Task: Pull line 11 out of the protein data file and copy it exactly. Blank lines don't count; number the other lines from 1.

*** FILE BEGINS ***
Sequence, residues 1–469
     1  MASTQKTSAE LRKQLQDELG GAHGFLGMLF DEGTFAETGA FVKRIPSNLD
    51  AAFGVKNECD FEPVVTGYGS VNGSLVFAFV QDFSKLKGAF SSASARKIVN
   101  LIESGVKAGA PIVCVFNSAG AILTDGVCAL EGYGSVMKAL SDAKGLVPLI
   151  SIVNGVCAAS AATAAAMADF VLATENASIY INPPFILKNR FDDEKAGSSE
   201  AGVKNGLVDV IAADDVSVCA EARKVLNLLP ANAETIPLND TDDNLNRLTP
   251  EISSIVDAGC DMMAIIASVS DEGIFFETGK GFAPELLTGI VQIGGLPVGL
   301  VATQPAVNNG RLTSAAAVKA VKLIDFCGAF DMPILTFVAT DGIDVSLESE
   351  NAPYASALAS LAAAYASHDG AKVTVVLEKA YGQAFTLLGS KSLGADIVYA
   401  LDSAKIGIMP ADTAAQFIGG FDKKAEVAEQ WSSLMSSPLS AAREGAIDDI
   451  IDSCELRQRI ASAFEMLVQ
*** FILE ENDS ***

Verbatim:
   451  IDSCELRQRI ASAFEMLVQ